Support Village Voice News With a Donation of Your Choice.
National poet Martin Carter, in his poem, ‘Death of a Comrade’ wrote:-
“Death must not find us thinking that we die
Now, from the mourning vanguard moving on
dear Comrade, I salute you and I say
Death will not find us thinking that we die.”
Today the working class bid earthly farewell to trade union stalwart, Andrew Garnett, a dear brother and friend.
Andrew and I met in 1980 when he was an upcoming cadre in the Guyana Local Government Officers Union (GLGOU). Andrew was elected to the presidency of the GLGOU in 1983 and shepherded the union in that position until his retirement. The union’s property at Woolford Ave, in Georgetown, both the land and construction were acquired and completed under his leadership.
Andrew was one of the local trade unionists who had the opportunity of being trained at the George Meany Centre for Labour Studies, in Maryland, United States of America. He used that training to support local trade union education and training.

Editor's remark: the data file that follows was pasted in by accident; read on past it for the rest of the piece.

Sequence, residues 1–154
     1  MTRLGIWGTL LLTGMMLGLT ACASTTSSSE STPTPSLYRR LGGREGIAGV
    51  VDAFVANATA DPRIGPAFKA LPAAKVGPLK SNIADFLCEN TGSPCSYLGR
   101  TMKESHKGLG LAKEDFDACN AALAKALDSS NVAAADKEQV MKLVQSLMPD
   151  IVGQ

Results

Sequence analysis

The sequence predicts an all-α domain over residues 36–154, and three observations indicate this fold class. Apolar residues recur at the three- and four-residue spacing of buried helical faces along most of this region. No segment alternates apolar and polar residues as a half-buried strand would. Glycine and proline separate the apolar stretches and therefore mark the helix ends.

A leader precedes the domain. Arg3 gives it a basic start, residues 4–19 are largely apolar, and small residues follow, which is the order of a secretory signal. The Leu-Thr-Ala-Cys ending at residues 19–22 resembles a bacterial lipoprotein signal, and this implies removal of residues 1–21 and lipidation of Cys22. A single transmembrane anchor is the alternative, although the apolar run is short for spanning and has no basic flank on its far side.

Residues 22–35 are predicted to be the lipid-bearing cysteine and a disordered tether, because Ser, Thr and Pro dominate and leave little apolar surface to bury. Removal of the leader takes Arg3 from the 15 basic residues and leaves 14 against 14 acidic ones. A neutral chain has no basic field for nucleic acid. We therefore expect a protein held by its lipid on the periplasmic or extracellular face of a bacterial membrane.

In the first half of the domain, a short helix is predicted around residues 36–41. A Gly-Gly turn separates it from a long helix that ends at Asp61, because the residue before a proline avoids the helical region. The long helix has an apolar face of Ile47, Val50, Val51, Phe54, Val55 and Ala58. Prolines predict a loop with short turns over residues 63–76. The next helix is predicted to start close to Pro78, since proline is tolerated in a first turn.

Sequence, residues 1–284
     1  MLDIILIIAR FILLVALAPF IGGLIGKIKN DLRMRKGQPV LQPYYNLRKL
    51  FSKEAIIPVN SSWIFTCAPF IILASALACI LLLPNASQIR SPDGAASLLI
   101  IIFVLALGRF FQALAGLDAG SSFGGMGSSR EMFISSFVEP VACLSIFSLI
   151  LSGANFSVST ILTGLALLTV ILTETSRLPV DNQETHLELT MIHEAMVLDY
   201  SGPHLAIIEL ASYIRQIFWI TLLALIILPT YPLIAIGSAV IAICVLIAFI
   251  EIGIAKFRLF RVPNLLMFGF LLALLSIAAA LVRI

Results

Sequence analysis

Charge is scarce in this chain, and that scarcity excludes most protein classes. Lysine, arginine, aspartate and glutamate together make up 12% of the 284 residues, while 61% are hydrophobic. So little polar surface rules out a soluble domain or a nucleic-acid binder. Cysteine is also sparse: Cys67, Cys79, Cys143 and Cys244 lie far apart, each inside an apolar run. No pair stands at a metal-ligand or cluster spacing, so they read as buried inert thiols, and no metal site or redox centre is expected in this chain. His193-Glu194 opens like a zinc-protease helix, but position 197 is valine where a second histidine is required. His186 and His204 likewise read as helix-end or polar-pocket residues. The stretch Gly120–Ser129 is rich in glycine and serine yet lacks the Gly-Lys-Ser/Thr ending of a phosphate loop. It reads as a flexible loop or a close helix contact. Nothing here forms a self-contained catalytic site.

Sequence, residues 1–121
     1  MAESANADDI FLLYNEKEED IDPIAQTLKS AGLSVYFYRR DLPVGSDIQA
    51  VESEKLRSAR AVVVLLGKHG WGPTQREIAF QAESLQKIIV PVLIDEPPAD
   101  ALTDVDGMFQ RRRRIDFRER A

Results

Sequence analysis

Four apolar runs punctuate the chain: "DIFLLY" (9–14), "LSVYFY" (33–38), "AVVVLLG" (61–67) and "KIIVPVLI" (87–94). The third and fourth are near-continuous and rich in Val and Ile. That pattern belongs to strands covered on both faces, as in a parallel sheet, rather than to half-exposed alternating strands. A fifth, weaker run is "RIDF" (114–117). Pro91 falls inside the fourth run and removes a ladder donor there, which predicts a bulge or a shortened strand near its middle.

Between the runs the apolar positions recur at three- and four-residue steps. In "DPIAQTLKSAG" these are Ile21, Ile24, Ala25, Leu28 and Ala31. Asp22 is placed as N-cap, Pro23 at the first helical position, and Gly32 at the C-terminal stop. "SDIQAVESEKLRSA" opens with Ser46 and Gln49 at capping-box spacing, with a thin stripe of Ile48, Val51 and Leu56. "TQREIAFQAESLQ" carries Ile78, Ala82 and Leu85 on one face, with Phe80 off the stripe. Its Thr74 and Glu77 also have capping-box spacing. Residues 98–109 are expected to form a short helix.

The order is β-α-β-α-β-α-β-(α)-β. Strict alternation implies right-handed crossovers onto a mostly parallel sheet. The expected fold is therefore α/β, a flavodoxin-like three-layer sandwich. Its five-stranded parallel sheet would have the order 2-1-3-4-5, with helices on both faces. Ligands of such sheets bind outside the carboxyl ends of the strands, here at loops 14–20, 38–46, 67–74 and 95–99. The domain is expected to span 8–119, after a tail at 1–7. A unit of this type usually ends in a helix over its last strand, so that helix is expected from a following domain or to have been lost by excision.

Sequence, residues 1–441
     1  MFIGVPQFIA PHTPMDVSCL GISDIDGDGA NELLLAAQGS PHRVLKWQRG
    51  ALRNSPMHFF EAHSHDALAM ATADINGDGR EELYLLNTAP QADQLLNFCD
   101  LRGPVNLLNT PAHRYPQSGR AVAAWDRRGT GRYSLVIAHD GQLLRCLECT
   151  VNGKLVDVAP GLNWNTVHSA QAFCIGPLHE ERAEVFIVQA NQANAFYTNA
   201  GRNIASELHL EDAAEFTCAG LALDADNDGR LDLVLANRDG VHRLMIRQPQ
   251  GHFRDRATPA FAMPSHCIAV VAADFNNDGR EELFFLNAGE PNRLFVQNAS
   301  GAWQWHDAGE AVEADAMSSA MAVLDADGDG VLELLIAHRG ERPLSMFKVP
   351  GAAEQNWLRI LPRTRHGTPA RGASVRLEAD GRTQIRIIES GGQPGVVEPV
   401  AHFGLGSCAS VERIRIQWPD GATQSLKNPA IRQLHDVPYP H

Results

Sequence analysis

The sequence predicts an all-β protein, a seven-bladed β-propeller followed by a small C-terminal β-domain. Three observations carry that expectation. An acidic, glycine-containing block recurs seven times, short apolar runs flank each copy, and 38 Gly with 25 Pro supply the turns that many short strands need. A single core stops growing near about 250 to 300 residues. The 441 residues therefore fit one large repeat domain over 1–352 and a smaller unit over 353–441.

While the GLGOU comparatively is not as large as the Teachers Union and Public Service Union, the leadership he delivered in his union’s quest for integration and solidarity along with his presentation of self as a trade unionist of substance and significance, was no less outstanding. It is not surprising therefore that he subsequently became president of the GTUC in 2003
Andrew entered the leadership of Guyana Trades Union Congress (GTUC) as an elected Committee Member, then moved through the elected ranks as Assistant Secretary, Organising Secretary, Principal Assistant Secretary and President. He was the first person from GLGOU to become president of the GTUC. Andrew’s quest to become President of the GTUC followed that of a previous GLGOU President Ovid Orderson’s in 1970 who was defeated by Richard Ishmael from the Man Power Citizens Association (MPCA).